App Server Flurry Really a Death Knell

By John Taschek  |  Posted 2001-07-23 Print this article Print

Everyone—except a couple of the vendors involved—predicted a washout in the application server space.

Everyone—except a couple of the vendors involved—predicted a washout in the application server space. Those predictions, which started more than two years ago, came at a time when it seemed that every vendor said it had an app server or was just about to release one. Thankfully, there just wasnt enough meat to make a market, lest wed have more servers than applications.

Yet early this month, there was a flurry of news announcements dealing with this heavily consolidated category, which I liken to a light bulb burning brighter just before it burns out.

First, ATG—an early app server vendor—announced that it was basically giving up on its own app server and would focus on its applications business. Although it will still develop its proprietary server, ATGs applications will also run on BEAs WebLogic and Hewlett-Packards NetAction platforms, with support for IBMs WebSphere coming later.

Then two market research reports showed that BEA led the application server space but that WebSphere was popping up as a close second. HP and Oracle were so distant that it really looked to be a two-horse race between IBM and BEA.

Then BEA purchased Crossgain, a troubled XML application vendor thats more famous for its ex-Microsoft founders bailing on Microsofts standards effort, and then bailing out of the company, than for anything it ever produced. BEA obviously purchased the company for its people.

Finally, BEA announced that its app server had crushed IBMs WebSphere using IBMs own performance test.

None of these things means a heck of a lot. Its tough to digest the BEA performance numbers because no one really trusts vendor-run performance numbers anyway. But these results are so dramatic that my guess is that BEAs app server actually is faster than WebSphere. Note, of course, that your mileage will vary.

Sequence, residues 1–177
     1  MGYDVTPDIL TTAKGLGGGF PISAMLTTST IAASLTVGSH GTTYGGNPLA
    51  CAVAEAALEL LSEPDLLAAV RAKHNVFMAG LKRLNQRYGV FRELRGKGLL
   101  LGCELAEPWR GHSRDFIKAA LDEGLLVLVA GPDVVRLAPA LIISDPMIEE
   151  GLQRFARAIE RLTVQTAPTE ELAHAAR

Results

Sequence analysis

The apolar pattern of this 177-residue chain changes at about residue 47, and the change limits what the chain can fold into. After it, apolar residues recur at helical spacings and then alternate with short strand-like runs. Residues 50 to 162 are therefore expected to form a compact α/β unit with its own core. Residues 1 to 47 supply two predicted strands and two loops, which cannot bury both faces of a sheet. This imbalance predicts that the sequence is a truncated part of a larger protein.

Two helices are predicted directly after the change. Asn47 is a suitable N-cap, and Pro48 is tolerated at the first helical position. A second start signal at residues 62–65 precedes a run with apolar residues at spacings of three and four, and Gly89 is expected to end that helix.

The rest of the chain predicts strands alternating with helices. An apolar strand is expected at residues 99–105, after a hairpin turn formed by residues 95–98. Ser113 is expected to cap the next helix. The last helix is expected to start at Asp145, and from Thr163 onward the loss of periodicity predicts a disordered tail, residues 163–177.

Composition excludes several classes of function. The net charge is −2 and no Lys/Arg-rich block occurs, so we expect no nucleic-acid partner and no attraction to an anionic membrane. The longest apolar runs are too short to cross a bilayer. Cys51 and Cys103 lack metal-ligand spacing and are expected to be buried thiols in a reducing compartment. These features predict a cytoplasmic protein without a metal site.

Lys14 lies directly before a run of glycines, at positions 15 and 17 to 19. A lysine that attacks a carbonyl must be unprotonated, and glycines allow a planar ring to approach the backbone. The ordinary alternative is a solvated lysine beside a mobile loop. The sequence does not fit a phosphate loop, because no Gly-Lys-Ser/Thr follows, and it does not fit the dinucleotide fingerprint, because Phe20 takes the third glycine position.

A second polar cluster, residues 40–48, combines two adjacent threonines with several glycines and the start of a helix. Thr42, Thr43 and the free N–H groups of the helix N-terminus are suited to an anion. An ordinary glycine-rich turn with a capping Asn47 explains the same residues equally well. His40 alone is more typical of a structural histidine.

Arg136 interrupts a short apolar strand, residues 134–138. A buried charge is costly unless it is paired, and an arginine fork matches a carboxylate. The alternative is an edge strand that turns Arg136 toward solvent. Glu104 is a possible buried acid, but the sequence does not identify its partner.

As for the market research—its a bunch of hogwash. Everyone knows that IBM "counts" differently than other vendors. So does Oracle. Any time a vendor, such as IBM, has the ability to bundle products, all sorts of accounting magic can take place. The real question is who is using the application servers.

Then again, does it matter? The one thing that is clear is that J2EE is the winner. The Java 2 Enterprise Edition standard is dominating in the development space. Next week, Ill write about how Microsoft feels about all this.

As the director of eWEEK Labs, John manages a staff that tests and analyzes a wide range of corporate technology products. He has been instrumental in expanding eWEEK Labs' analyses into actual user environments, and has continually engineered the Labs for accurate portrayal of true enterprise infrastructures. John also writes eWEEK's 'Wide Angle' column, which challenges readers interested in enterprise products and strategies to reconsider old assumptions and think about existing IT problems in new ways. Prior to his tenure at eWEEK, which started in 1994, Taschek headed up the performance testing lab at PC/Computing magazine (now called Smart Business). Taschek got his start in IT in Washington D.C., holding various technical positions at the National Alliance of Business and the Department of Housing and Urban Development. There, he and his colleagues assisted the government office with integrating the Windows desktop operating system with HUD's legacy mainframe and mid-range servers.

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